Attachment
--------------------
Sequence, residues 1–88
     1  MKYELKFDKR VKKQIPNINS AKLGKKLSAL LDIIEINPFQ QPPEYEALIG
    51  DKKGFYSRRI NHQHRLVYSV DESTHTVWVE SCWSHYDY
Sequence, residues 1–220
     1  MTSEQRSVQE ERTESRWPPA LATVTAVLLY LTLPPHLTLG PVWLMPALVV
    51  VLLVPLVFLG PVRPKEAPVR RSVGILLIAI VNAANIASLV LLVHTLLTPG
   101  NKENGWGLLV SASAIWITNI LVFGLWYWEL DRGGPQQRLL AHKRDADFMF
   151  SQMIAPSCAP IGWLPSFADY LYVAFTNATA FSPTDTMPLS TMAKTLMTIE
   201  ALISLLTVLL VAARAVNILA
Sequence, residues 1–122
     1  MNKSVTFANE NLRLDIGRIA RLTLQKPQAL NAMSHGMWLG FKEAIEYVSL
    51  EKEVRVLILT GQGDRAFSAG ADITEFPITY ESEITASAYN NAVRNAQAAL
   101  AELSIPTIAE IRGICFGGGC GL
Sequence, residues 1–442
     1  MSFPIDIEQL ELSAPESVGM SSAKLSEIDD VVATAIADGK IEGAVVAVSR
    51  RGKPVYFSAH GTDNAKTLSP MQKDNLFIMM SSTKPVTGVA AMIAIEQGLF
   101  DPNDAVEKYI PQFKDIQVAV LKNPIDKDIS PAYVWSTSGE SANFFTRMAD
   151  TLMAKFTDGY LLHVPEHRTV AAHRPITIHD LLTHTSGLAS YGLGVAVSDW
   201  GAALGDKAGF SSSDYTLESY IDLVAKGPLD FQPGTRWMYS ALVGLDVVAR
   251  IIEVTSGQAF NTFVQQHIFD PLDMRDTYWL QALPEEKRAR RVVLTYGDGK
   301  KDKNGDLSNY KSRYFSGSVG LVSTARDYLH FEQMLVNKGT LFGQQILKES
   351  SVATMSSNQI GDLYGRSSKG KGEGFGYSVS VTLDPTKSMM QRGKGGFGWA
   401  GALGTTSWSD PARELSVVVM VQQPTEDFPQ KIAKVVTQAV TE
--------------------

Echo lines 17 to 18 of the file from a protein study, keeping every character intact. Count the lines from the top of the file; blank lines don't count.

   101  DPNDAVEKYI PQFKDIQVAV LKNPIDKDIS PAYVWSTSGE SANFFTRMAD
   151  TLMAKFTDGY LLHVPEHRTV AAHRPITIHD LLTHTSGLAS YGLGVAVSDW